“The upgrading process involved physical attendance from the service technician,” said Mr Thorstensen. “After the system had been updated, the master of the vessel was required to send a screen shot of the ECDIS screen to confirm the software update.”
For those vessels where an upgrade was not completed in time, dispensation was taken and hard copies of Admiralty navigation charts were supplied “after carrying out a thorough risk assessment” noted Mr Thorstensen. Thome had upgraded all ECDIS across its fleet by the end of 2017.
Benefits from the IHO changes included the removal of anomalies and greater standardisation in ENC data and display, while reducing the number of ECDIS alarms to just one (for the point where a ship crosses a safety depth contour).
According to Tom Mellor, UK Hydrographic Office’s head of OEM technical support and chair of the IHO’s ENC working group, this improved the reliability of the ECDIS display and reduced the risk of alarm fatigue on the bridge.
More changes on the way
Mr Mellor says other changes are in the pipeline. One of these involves plans to change S-63 to improve cyber security of ENCs. The IHO working group on ENCs is reviewing methods of improving this standard, based on feedback from the IEC.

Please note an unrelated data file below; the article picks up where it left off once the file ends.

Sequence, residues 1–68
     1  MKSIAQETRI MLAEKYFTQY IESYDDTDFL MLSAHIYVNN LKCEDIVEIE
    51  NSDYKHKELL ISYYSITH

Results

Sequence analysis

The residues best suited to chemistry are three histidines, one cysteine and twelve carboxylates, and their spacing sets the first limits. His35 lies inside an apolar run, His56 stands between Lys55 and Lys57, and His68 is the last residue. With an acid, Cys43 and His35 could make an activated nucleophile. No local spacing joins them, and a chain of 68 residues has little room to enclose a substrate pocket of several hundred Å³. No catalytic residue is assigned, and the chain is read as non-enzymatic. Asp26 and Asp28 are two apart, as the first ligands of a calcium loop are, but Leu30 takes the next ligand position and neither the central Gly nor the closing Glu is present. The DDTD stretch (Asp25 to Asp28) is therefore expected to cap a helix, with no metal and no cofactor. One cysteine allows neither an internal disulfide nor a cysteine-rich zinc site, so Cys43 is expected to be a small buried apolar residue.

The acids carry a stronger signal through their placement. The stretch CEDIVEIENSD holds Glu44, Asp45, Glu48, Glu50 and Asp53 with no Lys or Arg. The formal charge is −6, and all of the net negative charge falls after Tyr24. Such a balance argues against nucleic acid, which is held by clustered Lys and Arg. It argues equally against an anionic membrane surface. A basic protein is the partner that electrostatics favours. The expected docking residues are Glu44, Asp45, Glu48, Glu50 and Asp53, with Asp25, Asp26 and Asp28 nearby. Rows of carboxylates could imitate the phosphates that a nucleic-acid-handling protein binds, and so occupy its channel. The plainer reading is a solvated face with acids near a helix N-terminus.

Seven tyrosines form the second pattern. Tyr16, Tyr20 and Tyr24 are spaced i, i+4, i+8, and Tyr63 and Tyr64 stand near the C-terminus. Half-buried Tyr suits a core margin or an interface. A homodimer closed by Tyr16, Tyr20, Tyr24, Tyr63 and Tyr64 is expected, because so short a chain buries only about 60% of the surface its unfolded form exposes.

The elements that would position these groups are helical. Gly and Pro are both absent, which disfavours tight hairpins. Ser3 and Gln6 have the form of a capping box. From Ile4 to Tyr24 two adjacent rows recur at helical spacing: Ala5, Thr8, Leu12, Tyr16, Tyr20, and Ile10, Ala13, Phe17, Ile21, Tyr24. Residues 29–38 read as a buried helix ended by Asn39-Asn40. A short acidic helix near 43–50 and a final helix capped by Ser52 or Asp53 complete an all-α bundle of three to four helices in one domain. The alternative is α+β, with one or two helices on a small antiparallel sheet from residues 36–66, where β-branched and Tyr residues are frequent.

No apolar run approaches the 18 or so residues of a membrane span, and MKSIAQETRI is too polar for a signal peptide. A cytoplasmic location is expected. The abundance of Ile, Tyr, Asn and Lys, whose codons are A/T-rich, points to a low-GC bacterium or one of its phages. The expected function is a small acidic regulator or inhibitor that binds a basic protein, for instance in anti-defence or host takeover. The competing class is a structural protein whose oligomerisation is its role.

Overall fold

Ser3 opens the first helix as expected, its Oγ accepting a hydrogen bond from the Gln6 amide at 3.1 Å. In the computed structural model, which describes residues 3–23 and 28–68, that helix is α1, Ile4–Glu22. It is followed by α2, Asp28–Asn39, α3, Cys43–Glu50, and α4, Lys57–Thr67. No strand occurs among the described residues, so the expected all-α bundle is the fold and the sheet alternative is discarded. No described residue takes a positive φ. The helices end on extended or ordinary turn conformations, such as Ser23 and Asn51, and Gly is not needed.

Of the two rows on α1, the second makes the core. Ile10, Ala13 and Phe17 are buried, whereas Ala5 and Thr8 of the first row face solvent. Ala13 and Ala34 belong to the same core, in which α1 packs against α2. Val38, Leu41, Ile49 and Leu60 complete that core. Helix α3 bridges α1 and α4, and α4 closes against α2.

“If any changes were made then the release of a new standard would undoubtedly have a big effect on the shipping industry,” said Mr Mellor. This explains why the working group is carrying out a full impact assessment on the proposed changes and is engaging with ECDIS manufacturers and other shipping organisations, such as BIMCO and Intertanko.
“[The] ENC working group is tasked with completely mapping out the impact and proposed solution before any decision is made on a new edition,” said Mr Mellor. New standards are also being developed for ENC specifications, with expectations that S-57 could eventually be replaced by S-101. “We are finalising production of specific requirements for, and data conversion between, and data conversion between S-57 and S-101,” said Mr Mellor. This will enable ECDIS manufacturers to build testbeds for trialling S-101 and overlays.
“We are nearing the point of S-101 publication at the IHO, but these new ENCs will not replace S-57 data as carriage-compliant information for some time,” he explained.
“Having testbeds for S-100-based product specifications is important as it ensures interoperability of additional layers when displayed in the same operating systems.” said Mr Mellor.
Both S-57 and S-101 standards will run in parallel with two data services as “there will be a mixture of bridges, some running S-57 and some with S-101. There will be a gradual adoption to the new standard,” Mr Mellor concluded.
ECDIS & ENC standards
Governing standards for ECDIS and ENCs include:
Chevron invests in ECDIS management